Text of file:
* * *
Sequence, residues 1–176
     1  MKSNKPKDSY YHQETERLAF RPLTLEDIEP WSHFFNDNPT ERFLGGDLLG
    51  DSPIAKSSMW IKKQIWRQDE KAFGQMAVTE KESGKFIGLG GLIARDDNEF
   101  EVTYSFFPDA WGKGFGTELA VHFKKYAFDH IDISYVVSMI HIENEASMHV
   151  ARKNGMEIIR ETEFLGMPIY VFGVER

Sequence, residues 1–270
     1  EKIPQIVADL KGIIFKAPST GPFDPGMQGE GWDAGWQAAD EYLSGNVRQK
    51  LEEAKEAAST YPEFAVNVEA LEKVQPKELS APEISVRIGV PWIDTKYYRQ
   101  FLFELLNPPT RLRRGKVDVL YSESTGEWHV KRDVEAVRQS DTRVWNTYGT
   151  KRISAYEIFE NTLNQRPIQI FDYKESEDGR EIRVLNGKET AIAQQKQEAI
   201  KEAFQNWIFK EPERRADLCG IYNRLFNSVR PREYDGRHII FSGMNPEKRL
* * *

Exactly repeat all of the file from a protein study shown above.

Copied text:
Sequence, residues 1–176
     1  MKSNKPKDSY YHQETERLAF RPLTLEDIEP WSHFFNDNPT ERFLGGDLLG
    51  DSPIAKSSMW IKKQIWRQDE KAFGQMAVTE KESGKFIGLG GLIARDDNEF
   101  EVTYSFFPDA WGKGFGTELA VHFKKYAFDH IDISYVVSMI HIENEASMHV
   151  ARKNGMEIIR ETEFLGMPIY VFGVER

Sequence, residues 1–270
     1  EKIPQIVADL KGIIFKAPST GPFDPGMQGE GWDAGWQAAD EYLSGNVRQK
    51  LEEAKEAAST YPEFAVNVEA LEKVQPKELS APEISVRIGV PWIDTKYYRQ
   101  FLFELLNPPT RLRRGKVDVL YSESTGEWHV KRDVEAVRQS DTRVWNTYGT
   151  KRISAYEIFE NTLNQRPIQI FDYKESEDGR EIRVLNGKET AIAQQKQEAI
   201  KEAFQNWIFK EPERRADLCG IYNRLFNSVR PREYDGRHII FSGMNPEKRL